You can see through everyone’s nonsense right now, and you don’t have the patience to pretend you don’t. This is not the time for you to roll your eyes and smile and nod—there’s something you’ve got to add to the conversation. You’re in the spotlight this month, and the way you see things matters more than you might think. More than just calling out jerks or shutting up bores, this month calls on you to redirect the conversation to what you find fascinating—you’ll have a willing audience.


If you’re looking for stability, you’ll be a little happier this month than you have been for the last few. Even so, the sand is still shifting under your feet. Don’t go planning the rest of your life with anyone you’ve met fairly recently (in the last year, let’s say). You’ve still got some reckoning to do with the past—exes or family members with unresolved issues. Doing that will help you really lay the groundwork for the kind of security you’re looking for in the future.


How sweet is this month for you? Please don’t waste it hiding away or judging everyone over the edge of your drink. This month is practically begging you to show the world some of that sparkle that you keep hidden most of the time. Choose the right people to connect with, though—you don’t want to waste this opportunity on someone who doesn’t deserve to see what’s most true and beautiful about you. You know yourself better than you ever have—find someone who’s able to really know you, too.


Expect a few pleasant surprises this month. Your crush may be requited, or someone absolutely new may pop up on your radar. Keep your eyes open for opportunities, and keep your cynicism firmly under control. There is more available for you than you currently realize. Trust in the future.


Loneliness doesn’t look good on you right now, so get off that high horse you ride when you think you’ve got to go it alone. You are connected to others, and not just in the sense that you have to rescue them from their messes. If no one else is taking on the responsibilities you do, that means it’s time to drop what you’re holding and see who picks it up. You get to be done with any dynamic that’s merely reinforcing the story that you are alone. Hold out for a real partner who can meet you at your level, as a friend or a lover.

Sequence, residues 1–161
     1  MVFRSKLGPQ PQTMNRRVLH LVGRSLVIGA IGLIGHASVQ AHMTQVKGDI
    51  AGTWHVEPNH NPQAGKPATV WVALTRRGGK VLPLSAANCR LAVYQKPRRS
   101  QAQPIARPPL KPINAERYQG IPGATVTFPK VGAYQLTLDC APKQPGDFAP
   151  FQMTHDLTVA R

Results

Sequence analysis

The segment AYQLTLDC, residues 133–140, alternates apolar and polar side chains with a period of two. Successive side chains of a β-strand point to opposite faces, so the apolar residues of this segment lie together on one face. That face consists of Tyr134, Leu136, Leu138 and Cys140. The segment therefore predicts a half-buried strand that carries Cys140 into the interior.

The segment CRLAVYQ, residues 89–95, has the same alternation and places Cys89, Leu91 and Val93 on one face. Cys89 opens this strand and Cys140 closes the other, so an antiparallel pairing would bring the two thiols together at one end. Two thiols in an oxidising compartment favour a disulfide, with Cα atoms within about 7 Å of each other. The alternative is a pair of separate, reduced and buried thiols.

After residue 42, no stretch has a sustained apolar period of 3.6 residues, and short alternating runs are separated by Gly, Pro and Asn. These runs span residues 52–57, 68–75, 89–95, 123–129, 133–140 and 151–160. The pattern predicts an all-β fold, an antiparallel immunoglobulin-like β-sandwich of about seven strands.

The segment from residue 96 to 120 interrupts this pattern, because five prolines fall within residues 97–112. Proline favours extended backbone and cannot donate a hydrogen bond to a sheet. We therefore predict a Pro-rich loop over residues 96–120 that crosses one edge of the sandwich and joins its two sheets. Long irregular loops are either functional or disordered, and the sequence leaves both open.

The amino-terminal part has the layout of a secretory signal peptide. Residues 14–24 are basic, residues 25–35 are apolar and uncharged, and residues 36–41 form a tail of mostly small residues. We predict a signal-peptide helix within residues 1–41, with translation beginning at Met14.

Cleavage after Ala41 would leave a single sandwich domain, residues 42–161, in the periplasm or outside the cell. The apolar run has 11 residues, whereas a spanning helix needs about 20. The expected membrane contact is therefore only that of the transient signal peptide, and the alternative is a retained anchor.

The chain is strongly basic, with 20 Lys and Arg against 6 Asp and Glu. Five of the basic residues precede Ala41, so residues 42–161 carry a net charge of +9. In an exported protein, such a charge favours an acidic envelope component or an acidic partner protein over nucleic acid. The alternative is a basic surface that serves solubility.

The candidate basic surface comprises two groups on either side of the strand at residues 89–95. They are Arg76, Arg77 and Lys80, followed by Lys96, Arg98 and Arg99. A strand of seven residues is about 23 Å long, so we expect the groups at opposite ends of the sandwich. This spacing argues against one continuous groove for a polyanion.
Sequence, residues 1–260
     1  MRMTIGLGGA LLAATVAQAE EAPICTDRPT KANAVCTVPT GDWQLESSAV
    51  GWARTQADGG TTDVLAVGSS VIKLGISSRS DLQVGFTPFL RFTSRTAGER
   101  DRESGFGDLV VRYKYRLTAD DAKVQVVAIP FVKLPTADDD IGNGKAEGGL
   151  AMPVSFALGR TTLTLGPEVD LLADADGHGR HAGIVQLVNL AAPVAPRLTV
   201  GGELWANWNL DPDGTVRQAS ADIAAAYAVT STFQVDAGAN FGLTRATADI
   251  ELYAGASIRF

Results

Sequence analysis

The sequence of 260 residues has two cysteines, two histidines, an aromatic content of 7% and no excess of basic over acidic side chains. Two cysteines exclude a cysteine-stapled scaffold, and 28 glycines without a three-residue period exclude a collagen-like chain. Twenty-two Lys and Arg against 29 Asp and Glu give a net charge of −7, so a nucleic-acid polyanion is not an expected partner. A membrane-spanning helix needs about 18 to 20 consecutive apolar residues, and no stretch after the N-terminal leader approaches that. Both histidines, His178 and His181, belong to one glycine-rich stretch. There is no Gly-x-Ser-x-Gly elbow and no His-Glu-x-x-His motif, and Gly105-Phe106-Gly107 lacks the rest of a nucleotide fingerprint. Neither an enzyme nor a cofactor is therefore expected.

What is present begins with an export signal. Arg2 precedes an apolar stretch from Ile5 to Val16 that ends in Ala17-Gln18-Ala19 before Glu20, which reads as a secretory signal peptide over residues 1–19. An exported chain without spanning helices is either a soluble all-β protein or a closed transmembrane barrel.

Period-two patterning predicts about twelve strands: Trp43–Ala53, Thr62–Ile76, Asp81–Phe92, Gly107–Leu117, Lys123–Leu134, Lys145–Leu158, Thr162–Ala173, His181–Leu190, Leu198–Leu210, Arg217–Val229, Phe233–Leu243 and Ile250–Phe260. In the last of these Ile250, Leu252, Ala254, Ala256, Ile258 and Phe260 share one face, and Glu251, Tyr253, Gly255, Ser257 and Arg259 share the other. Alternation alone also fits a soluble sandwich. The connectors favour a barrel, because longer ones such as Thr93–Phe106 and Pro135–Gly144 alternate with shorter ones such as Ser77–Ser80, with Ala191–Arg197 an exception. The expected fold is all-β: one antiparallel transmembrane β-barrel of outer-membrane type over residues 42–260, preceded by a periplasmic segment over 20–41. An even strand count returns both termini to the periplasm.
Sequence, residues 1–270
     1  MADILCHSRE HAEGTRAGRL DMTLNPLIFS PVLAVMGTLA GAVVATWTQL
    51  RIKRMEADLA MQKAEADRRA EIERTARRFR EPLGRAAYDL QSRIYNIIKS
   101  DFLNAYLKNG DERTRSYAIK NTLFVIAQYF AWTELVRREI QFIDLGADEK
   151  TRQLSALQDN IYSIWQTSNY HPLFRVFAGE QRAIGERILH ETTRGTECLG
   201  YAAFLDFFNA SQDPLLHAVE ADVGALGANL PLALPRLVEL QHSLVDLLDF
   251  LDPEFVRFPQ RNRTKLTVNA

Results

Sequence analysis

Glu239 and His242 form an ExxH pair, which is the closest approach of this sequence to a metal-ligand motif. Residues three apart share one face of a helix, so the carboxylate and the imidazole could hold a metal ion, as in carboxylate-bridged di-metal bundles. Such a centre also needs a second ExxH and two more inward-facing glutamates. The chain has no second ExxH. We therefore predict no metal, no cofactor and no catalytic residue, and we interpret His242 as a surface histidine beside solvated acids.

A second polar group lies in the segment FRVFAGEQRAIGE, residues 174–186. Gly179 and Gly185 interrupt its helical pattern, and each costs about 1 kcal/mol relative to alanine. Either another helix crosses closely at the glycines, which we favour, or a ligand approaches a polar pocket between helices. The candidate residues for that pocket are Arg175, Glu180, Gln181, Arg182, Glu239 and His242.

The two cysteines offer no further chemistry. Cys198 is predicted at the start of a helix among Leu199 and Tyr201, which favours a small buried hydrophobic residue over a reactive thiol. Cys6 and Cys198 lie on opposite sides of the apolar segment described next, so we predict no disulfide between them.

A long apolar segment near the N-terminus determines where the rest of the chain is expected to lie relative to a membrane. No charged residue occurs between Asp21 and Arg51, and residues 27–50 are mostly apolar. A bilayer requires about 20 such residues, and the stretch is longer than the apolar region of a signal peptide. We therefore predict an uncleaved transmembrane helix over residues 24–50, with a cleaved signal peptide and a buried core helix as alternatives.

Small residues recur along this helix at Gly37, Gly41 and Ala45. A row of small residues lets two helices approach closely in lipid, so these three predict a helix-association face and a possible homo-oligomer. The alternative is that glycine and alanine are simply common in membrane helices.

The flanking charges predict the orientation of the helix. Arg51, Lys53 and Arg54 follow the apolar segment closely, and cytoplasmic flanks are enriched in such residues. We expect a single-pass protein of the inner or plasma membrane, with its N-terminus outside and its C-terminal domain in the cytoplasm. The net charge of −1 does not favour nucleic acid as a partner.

You’re almost out of the woods, but there’s still some recovery you’ve got to do from recent emotional difficulties. This is a perfect time to seek out a little more time for inner reflection and planning the way forward. You’re learning a lot right now and you’ll want the time and space to concentrate. Only seek out the kinds of connections that won’t disrupt your internal processes right now.


Seeing the bigger picture can be hard, especially because of how deeply you encounter each person you care about. You can get lost in one relationship, in how much you take on of another person’s joys and fears. This month asks you to pull back and see how all your relationships fit together, how they affect each other, how you are connected to larger networks. When you do this, you may find yourself ready to make really different decisions about love.